Thanks, everyone, for your comments. It's been nine days, there is support for eliminating the counties, and no objections. Discussion has died down. I've incorporated the suggestions above into the implementation plan. Last call for comments, please add them to the proposal to eliminate counties from [the] hierarchy, or proposal to make San Juan Islands a top-level region sections of "Talk" for "Washington (state)". If no objections emerge in the next 2-3 days, I'll start implementing. JimDeLaHunt 20:52, 6 June 2007 (EDT)
- No objections registered. I'm going ahead with implementation over the next several days. JimDeLaHunt 14:50, 9 June 2007 (EDT)
Nine City Rule
I would like to propose removing any suburb of Seattle (i.e. Bellevue) for other significant cities in more geographical scattered areas with a more diverse economy (i.e. Port Angeles). I don't find the need to have Bellevue listed when it is regarded as just greater Seattle by the average person. I'm sure a resident of Bellevue would disagree, but the whole purpose of Wikitravel is to inform the user and to become a credible destination guide for non-residents.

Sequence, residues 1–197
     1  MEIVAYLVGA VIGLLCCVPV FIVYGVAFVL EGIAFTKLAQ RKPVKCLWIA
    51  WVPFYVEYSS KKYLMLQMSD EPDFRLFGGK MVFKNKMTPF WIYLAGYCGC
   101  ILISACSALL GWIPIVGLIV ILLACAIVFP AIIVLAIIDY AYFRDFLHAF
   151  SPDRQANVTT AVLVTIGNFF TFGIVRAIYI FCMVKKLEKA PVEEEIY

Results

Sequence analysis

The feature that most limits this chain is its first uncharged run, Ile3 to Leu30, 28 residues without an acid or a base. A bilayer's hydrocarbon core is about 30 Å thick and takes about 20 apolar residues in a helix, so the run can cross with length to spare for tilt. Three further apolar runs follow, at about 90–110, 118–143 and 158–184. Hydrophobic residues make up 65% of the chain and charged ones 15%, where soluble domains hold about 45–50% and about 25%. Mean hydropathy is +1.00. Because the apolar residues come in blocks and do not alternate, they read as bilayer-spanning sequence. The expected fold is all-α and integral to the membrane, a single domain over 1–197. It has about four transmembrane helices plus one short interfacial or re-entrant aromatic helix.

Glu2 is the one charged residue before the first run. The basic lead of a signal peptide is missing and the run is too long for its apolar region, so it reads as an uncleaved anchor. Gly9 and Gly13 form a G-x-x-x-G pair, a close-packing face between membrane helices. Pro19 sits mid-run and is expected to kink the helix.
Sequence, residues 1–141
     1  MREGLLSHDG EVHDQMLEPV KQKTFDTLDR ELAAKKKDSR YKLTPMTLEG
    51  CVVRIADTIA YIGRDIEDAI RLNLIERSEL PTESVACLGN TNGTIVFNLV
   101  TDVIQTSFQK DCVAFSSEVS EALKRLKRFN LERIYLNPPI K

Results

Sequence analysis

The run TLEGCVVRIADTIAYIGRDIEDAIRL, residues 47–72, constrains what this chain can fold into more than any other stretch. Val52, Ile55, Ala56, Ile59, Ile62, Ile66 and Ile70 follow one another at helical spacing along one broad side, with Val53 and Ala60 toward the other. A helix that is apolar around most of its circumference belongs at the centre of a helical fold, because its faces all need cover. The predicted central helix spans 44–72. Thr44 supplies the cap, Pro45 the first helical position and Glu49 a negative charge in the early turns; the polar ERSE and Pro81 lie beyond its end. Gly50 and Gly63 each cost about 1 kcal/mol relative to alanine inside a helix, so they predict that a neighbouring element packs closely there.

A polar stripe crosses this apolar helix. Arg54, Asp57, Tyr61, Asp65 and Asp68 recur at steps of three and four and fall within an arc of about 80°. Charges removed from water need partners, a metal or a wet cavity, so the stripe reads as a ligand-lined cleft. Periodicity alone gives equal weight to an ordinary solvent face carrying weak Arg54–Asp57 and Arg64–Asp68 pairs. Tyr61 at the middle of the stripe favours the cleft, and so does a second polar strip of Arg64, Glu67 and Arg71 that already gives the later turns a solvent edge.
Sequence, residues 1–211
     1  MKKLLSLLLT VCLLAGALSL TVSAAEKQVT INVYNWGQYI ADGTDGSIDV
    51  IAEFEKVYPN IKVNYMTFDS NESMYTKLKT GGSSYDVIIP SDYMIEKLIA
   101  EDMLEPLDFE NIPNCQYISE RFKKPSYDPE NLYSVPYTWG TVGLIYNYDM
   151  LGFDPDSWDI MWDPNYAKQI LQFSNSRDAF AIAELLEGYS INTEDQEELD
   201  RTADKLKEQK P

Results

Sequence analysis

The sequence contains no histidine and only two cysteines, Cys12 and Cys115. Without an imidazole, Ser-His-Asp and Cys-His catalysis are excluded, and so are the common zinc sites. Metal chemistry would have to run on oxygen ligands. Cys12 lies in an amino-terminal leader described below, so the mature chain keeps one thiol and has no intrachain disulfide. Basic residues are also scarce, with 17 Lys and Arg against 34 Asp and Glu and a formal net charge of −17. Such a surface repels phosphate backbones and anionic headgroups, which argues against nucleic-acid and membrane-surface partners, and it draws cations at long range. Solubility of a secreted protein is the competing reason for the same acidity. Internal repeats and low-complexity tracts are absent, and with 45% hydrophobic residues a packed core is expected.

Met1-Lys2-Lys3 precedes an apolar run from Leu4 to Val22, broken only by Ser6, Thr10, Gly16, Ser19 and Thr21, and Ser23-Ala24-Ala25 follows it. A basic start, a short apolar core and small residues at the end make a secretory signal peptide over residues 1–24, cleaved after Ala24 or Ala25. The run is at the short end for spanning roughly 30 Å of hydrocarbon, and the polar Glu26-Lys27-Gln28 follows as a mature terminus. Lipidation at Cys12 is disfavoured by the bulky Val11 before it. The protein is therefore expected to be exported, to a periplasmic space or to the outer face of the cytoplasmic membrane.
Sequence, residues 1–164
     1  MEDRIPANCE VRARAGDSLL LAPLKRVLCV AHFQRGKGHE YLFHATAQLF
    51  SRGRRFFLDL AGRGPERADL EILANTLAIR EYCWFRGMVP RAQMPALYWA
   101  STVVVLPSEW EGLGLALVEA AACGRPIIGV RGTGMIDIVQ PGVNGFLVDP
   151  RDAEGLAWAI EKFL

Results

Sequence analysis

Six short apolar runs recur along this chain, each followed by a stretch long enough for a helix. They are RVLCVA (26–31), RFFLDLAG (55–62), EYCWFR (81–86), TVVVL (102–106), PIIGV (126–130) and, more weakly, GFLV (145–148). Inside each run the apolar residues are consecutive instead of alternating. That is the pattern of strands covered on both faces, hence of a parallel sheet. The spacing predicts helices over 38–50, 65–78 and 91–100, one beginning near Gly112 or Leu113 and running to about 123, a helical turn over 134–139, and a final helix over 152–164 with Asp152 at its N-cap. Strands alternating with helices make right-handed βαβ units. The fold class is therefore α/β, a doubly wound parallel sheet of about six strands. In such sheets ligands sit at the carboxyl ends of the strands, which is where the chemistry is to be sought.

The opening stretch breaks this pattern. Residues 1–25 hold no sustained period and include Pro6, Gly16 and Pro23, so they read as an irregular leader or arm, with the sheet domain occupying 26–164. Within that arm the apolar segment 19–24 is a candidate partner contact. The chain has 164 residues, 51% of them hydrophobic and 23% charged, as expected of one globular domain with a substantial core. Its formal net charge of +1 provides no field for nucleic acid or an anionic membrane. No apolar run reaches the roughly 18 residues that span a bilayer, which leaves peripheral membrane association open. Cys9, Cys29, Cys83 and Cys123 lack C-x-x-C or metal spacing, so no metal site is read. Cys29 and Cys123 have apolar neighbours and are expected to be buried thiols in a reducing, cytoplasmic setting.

Does this sound reasonable? -- GeorgeWashingtonInn 14:17, 24 Dec 2006 (EST)
- Sounds reasonable to me, but I don't know Washington that well. The "rule" is actually a guideline that states that lists should be limited to seven items, plus or minus two. It's usually applied to regions or countries that contain a lot of cities or sub-regions as a way of avoiding lists containing dozens of items. There are five cities I recognize as notable from this list - Seattle, Olympia, Vancouver, Tacoma and Spokane, so it may even make sense to just limit this list to those five. -- Ryan 15:15, 24 December 2006 (EST)